The tough decisions start just moments after you arrive at Grand Velas Riviera Maya. Do you want a traditional margarita, a tamarind margarita, spicy margarita, lychee margarita or mango margarita?
The decision is made easier by knowing you’ll be able to sample all of them and more during your stay at the luxury all-inclusive resort on Mexico’s Caribbean Coast. Emphasis on the luxury – from checking in to dining out, enjoying the white sand beach, three pools or world renowned spa, not a single detail has been overlooked.
You’ll feel pampered, spoiled and blissfully relaxed. I know, as I had the opportunity to spend four days there and I’m ready to go back.
Grand Velas Riviera Maya is located near Playa del Carmen on Mexico’s Yucatan Peninsula. It’s about a 45 minute drive south from Cancun International Airport, an easy flight from just about anywhere in the United States.
The giant white-walled gated entrance offers a hint at what’s beyond. Pass through and you’re enveloped in the jungle, a drive that helps with the transition from work to pleasure.
The first section, or ‘ambiance’ of the all-suites resort you’ll come to is Zen. Designed to blend in with the surroundings, this ambiance is all about peace and relaxation. Palapas-covered raised walkways take you from the lobby to your suite, your escort a member of the staff assigned to assist you with anything you need during your stay. Each suite has a large spa tub and private terrace looking out at a lagoon and mangrove jungle.
The attention to detail is readily apparent. Sparkling wine can be arranged to be on ice in anticipation of your arrival. A bottle of Grand Velas Tequila sits above the fully stocked mini bar (raid it as many times as you like, it’s part of the luxury all-inclusive experience). There’s a Nespresso machine and high-end teas. L’Occitane bath and body products. An umbrella if there’s rain. And bug spray just in case (though as of this posting there has been only 1 case of Zika reported in the Cancun area).
I stayed in the Zen ambiance the first night of my stay. Waking up the next morning and enjoying coffee and breakfast on the patio was pure heaven. (In-suite dining is available 24 hours a day and included in the all-inclusive experience.)
Each of the three ambiances has a pool, gym, bars and restaurants. There are readily available shuttles to take you around so you can experience it all.
The family-friendly Ambassador ambiance is ideally located steps from the white sand beach and the resort’s largest pool. Nearby the Kid’s Club and Teen Club have been decked out with the latest in gaming and entertainment, guaranteeing they’ll have fun while you get to relax.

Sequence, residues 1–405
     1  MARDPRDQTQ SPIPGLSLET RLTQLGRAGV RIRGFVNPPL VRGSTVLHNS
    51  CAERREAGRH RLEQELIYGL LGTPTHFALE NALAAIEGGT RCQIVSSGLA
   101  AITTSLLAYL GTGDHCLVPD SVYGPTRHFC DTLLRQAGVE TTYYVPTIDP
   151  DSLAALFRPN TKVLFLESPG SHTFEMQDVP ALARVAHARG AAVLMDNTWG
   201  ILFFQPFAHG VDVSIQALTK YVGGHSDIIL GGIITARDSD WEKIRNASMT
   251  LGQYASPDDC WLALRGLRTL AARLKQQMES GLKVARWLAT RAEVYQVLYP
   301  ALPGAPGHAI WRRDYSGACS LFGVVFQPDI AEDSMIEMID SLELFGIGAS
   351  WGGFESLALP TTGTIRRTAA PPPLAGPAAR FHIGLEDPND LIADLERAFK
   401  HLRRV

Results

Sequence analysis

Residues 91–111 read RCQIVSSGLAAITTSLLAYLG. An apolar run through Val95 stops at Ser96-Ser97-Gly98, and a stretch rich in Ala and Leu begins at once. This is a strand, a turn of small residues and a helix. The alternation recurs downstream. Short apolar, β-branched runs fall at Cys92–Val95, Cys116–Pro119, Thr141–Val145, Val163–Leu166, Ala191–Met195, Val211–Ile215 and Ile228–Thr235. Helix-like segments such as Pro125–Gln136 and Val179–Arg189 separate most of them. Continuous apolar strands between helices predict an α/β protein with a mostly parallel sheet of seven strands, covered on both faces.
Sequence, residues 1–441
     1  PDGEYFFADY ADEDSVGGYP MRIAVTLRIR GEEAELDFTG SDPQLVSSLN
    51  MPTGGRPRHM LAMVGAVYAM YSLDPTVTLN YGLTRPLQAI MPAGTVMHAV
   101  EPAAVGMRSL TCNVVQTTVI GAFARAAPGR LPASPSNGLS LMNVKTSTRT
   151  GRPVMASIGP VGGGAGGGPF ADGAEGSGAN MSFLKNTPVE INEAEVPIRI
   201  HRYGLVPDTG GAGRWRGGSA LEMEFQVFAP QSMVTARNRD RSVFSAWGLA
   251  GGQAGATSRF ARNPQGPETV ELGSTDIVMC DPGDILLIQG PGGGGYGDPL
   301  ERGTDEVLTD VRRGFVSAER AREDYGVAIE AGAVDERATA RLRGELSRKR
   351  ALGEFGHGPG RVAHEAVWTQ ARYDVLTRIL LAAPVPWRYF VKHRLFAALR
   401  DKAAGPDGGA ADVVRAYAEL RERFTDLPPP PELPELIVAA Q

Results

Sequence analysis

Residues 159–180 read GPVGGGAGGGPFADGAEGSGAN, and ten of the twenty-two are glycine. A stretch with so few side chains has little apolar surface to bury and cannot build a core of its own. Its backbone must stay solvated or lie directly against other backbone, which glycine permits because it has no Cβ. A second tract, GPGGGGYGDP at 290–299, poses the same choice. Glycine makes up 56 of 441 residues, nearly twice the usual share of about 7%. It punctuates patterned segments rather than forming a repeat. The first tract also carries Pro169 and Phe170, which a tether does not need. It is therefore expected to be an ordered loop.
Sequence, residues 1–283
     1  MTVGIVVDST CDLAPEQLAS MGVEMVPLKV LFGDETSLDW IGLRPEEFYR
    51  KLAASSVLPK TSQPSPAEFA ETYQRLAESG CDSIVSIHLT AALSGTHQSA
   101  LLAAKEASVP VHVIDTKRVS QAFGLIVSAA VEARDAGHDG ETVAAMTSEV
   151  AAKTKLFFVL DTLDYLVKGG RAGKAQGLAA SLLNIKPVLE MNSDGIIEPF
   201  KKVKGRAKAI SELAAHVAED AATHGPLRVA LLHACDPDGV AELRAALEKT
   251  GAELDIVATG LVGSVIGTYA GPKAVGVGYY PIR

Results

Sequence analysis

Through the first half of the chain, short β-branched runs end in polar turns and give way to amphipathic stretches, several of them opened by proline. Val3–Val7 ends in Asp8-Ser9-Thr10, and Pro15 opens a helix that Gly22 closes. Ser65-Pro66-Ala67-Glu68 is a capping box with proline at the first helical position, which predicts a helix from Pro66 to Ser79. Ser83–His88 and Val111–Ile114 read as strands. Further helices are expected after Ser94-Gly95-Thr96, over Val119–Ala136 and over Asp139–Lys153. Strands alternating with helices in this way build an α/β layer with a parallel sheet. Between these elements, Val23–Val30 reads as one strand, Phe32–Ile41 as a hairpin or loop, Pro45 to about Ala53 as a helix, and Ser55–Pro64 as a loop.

If you’re looking to reconnect with that special someone in the ultimate setting, you’ll want to stay in the Grand Class section. Exclusively for adults and teens 16 years of age and older, the Grand Class offers views, luxury and beyond, and you can enjoy it while sitting in the soaking tub on your balcony. Also worth noting, the giant spa bathtub that can probably fit six adults, no exaggeration.
I thought nothing could top breakfast on the terrace at my Zen suite until I was sipping bubbly in the soaking tub on my balcony looking out at the Caribbean Sea.
The all-inclusive portion of your stay at Grand Velas Riviera Maya feels like the most decadent indulgence. It’s the adult version of being a kid in a candy shop; eat and drink whatever you want, and you’ll want to taste it all.
First, the drinks. You’ll find premium liquors and high quality wines from around the world available throughout the resort, all included. Want an introduction to tequila or mezcal? Host an impromptu tasting yourself! Your bartender will give you a pour from all the bottles you’d like. Decide you want to switch from a mango margarita to a lychee one while lounging at the infinity pool? There are plenty of poolside servers, or my recommendation, float over to the swim-up bar.
Next, the food. You won’t find fine dining like this at any other all-inclusive resort. Choose among the restaurants offering Mexican, French, Italian or Asian cuisine. You’ll find dishes prepared to the highest standards, and flavors to match any top restaurant. In fact, Cocina De Autor, Grand Velas Riviera Maya’s signature restaurant, has been awarded the American Automobile Association’s Five Diamond award – it’s the only restaurant in an all-inclusive to receive this honor.